The social media bosses are answering questions on the Channel 4 documentary 'Inside Facebook’

European and Irish Facebook bosses are appearing before the Oireachtas Communications Committee over the social network's handling of violent and harmful content.

Committee members are grilling the executives on revelations included in the Channel 4 documentary 'Inside Facebook.’

The programme used hidden camera footage to show how content moderation practices are taught and applied within the company's operations in Dublin.

It found moderators were instructed not to remove abusive or graphic content - even when it violated the company's guidelines.

Fianna Fáil communications spokesperson Timmy Dooley

This morning, committee member Timmy Dooley said the programme clearly illustrated unacceptable behaviour:

“What we saw was material being used effectively to train the moderators,” he said.

“So you had somebody from CPL who was working on behalf of Facebook saying, ‘this video of an adult beating a child senselessly, is OK so long as there is not a tagline on it that says this if fun, you can do this.’

“Well, I don’t think that is acceptable.”

Facebook CEO Mark Zuckerberg

He said tech giants have a responsibility to maintain standards – and Governments must ensure they do so.

“Facebook and Google and these digital platforms are extremely powerful, have a phenomenal reach and by and large have been beneficial to society,” he said.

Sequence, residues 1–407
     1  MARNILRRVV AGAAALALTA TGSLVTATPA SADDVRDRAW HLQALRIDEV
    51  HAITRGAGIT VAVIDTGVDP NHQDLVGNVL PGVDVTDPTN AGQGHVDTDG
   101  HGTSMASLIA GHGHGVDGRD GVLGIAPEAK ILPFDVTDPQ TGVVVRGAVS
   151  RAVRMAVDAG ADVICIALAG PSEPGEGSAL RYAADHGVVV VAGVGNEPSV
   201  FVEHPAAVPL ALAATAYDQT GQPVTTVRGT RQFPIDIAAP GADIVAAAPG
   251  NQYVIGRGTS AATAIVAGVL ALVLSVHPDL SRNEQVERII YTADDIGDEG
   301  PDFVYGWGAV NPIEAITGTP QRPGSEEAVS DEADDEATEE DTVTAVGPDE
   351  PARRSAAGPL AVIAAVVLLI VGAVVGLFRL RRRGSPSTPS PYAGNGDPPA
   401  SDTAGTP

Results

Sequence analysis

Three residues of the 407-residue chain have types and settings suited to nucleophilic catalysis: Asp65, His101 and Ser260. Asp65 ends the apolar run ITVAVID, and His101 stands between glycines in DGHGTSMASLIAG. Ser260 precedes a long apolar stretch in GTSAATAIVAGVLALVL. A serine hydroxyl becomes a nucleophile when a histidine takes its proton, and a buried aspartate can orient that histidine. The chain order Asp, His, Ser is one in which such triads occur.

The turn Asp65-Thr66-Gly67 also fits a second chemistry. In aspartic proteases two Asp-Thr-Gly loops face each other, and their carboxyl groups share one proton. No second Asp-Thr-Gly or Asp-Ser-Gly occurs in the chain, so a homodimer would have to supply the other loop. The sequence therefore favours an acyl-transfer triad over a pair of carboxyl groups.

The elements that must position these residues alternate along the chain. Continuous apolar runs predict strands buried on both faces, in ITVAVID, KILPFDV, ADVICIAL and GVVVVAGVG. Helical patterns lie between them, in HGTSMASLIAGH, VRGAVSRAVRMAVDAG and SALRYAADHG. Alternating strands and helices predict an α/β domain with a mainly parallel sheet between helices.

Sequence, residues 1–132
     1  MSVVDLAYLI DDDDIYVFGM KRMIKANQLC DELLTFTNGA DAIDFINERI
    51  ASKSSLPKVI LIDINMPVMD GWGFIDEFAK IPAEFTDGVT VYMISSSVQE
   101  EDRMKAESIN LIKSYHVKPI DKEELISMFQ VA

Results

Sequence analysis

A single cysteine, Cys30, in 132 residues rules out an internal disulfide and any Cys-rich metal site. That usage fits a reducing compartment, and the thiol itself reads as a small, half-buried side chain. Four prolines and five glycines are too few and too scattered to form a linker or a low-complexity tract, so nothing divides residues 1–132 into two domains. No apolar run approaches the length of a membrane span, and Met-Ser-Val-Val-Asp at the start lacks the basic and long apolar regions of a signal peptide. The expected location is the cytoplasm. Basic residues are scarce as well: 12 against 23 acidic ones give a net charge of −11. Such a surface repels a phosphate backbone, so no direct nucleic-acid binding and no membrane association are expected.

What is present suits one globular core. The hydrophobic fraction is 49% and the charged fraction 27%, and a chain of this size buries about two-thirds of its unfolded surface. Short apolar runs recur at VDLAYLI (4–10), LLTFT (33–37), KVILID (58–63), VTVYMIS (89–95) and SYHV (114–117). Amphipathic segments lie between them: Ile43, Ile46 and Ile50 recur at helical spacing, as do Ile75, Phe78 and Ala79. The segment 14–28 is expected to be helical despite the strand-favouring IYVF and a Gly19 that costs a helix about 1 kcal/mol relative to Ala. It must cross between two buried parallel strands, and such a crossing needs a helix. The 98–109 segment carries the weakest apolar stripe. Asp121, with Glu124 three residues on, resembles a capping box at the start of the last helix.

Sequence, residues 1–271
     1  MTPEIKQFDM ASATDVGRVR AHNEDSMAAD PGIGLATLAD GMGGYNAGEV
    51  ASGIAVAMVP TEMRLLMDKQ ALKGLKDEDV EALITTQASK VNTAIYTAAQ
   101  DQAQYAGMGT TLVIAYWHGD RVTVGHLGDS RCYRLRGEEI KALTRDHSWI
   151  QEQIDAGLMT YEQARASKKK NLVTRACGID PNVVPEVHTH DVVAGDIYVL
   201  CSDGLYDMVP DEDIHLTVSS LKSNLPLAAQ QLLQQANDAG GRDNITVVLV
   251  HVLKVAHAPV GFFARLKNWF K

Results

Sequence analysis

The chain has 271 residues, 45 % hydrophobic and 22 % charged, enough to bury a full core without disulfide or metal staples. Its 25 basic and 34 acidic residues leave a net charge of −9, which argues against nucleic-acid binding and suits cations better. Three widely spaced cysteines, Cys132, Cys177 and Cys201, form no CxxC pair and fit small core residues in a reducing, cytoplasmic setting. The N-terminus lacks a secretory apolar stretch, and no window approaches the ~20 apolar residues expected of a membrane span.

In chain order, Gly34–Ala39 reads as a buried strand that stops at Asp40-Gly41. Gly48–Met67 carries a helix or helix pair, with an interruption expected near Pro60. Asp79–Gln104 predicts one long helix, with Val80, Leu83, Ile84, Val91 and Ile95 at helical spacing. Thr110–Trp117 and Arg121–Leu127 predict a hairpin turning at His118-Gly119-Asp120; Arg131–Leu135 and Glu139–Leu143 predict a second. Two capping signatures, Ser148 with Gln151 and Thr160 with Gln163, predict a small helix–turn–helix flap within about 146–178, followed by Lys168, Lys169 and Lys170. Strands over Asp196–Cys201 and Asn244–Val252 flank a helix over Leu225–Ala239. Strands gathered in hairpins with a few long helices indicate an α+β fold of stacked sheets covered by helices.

“But that is not to suggest that there should not be some level of regulation.

“And it certainly is the case, that it should not be self-regulation.”

US President Donald Trump at a campaign rally in Florida, 31-07-2018. Image:  Evan Vucci/AP/Press Association Images

Meanwhile, Facebook said it had uncovered a new “sophisticated” campaign to influence the upcoming US mid-term elections.

The company closed dozens of fake accounts it said were involved in “coordinated, inauthentic behaviour” ahead of the November mid-term elections.

The social media giant said it is still at the early stages of its investigation – and said it could not say for certain who was behind the campaign.

It said it was publishing what it knows so far “given the connection between these bad actors and protests that are planned in Washington next week.”

Facebook said whoever set up the accounts “went to much greater lengths” to hide their identity than the Russian-based Internet Research Agency (IRA) has in the past.